Monday 26 October 2009

Word for the Week: Whole Life, Whole Bible (30/50) – His Ministry of Healing: In Word and Deed

‘Word for the Week: Whole Life, Whole Bible’, from London Institute for Contemporary Christianity, is a series of fifty emails designed to look at the main milestones of the biblical story, seeking to show how whole-life discipleship is woven through Scripture as a whole, from beginning to end. Here is the thirtieth of the fifty emails.

Jesus went throughout Galilee, teaching in their synagogues, proclaiming the good news of the kingdom, and healing every disease and sickness among the people. News about him spread all over Syria, and people brought to him all who were ill with various diseases, those suffering severe pain, the demon-possessed, those having seizures, and the paralyzed; and he healed them. Large crowds from Galilee, the Decapolis, Jerusalem, Judea and the region across the Jordan followed him.
Matthew 4:23-25

Matthew summarises here what he describes more fully elsewhere, and what the other gospel writers also make clear – that the story of Jesus cannot be presented without telling of his acts of power and compassion, of healing and transformation.

The ancient world had its fair share of ‘healers’, but Jesus was different – and people knew it. Not only does the list of those healed emphasise the authority of Jesus over all kinds of sickness, but his healings are a sign that, after years of seeming silence, God’s saving rule is now beginning to dawn in Israel. In words and in works, Jesus is proclaiming nothing less than the arrival of God’s reign, announcing and enacting the presence and power of the kingdom – bringing sight to the blind, hearing to the deaf, mobility to the lame, even life to the dead.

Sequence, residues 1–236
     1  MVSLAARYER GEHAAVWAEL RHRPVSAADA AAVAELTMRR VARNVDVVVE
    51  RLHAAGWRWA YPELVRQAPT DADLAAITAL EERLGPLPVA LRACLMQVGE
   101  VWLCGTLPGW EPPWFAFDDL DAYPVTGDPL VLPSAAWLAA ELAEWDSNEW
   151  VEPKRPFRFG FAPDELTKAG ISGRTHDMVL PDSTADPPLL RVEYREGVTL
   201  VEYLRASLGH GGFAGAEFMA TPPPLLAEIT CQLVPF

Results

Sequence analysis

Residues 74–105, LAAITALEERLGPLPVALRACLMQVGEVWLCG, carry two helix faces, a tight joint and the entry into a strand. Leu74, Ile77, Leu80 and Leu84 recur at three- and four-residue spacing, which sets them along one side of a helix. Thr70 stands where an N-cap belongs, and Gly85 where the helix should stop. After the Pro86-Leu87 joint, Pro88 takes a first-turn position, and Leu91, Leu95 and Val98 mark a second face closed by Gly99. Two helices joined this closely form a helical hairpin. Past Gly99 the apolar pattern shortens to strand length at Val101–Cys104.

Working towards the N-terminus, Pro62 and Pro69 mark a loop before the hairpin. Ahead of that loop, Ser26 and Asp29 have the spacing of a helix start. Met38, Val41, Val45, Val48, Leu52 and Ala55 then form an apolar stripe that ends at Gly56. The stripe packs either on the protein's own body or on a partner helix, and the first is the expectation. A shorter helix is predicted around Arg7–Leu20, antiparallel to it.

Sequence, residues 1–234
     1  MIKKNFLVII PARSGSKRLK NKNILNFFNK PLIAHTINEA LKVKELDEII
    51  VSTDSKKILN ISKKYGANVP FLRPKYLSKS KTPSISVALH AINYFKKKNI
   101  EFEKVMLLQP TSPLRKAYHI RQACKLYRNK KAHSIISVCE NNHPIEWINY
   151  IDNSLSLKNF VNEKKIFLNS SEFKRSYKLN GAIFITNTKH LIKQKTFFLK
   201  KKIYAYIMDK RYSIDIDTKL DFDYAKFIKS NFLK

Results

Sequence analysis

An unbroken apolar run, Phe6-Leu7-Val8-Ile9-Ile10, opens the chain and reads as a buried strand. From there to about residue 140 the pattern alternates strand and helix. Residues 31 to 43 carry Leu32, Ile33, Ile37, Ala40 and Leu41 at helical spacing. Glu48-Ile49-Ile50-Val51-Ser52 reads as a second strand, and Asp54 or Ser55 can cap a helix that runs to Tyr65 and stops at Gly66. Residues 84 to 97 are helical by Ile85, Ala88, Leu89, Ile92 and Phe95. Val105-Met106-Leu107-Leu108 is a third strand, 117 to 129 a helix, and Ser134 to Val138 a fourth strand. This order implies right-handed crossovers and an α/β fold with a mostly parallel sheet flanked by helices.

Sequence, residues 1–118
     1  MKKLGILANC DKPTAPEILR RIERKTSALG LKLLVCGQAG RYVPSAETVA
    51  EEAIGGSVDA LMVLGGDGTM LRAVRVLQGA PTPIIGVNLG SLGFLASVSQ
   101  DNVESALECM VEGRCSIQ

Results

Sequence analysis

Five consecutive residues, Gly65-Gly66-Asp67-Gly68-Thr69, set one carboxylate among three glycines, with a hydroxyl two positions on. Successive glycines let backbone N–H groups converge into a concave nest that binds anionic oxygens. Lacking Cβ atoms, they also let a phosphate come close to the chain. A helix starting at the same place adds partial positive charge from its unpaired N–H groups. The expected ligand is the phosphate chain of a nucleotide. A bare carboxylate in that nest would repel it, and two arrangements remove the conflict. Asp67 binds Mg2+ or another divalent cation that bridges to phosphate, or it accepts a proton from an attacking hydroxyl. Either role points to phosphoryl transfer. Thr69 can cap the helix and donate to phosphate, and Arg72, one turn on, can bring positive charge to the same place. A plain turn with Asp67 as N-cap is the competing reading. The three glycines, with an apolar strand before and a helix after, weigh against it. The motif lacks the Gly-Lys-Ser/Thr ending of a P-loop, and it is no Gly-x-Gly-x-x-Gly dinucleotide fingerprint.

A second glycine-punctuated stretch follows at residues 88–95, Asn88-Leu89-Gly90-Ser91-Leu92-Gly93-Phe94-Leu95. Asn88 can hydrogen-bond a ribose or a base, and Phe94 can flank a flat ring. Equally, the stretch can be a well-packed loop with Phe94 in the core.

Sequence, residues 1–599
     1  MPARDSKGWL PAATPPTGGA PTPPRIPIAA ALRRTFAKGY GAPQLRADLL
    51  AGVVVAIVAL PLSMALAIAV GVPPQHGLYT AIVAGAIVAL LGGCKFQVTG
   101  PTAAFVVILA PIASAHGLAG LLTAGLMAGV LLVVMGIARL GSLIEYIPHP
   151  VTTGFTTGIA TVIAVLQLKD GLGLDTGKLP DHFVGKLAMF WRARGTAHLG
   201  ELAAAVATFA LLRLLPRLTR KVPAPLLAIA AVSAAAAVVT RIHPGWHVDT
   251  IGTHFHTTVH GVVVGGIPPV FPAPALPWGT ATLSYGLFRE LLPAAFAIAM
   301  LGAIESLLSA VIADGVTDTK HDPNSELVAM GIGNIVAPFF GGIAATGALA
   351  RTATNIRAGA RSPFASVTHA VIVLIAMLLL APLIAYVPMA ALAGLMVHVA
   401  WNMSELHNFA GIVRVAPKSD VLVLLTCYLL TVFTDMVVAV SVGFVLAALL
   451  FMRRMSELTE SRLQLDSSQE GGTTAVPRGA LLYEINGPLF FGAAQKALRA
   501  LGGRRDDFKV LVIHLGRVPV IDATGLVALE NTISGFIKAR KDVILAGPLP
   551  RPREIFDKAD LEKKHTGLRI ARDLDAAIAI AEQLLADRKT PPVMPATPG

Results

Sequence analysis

In the exorcisms, individuals oppressed in different ways are freed, signalling a defeat for the powers of darkness. Their deliverance – not by any magical means, but by a rebuke and a command – mark the presence of the kingdom. Where those with skin diseases of various kinds are socially ostracised, Jesus breaks taboos in stepping outside the ‘circle of purity’ in order to rescue them, not only making them whole but reintegrating them into the community. All of which shows that the works of the kingdom are not just an exercise of bare power but an expression of covenant love – bringing liberation and renewal, touching the whole of our lives, reconstituting the people of God.

In his ‘nature miracles’ too, Jesus demonstrates the good news he proclaims, that God’s rule over all creation – not just Israel – is being exercised. His works reveal in advance something of God’s purposes for the restoration of the whole created order, offering us glimpses of a renewed cosmos from which the powers of darkness will be ejected, when sickness and pain will be no more, and God’s creation will be restored to its original harmony.

Within the context of the gospels – and as the letters will make clear – the victory is bound up with the work he will do on the cross and in his resurrection. Meanwhile, as we look forward to the final redemption that will come to every part of creation, we delight that no area of the world is beyond God’s reach, no aspect of life is exempt from his rule.

For further reflection and action:

1. Read about some of Jesus’ works of healing and deliverance in Matthew 8-9.

2. Jesus proclaimed the coming of the kingdom not only with words but with deeds of power. How far can we be faithful to his teaching without acknowledging the place of healing and casting out demons? Dare we exclude the possibility of miracles today?

3. Even so, God normally works in normal ways through normal means. Reflect on the everyday, ‘normal’ ways you see God at work in your own life and in the lives of others.

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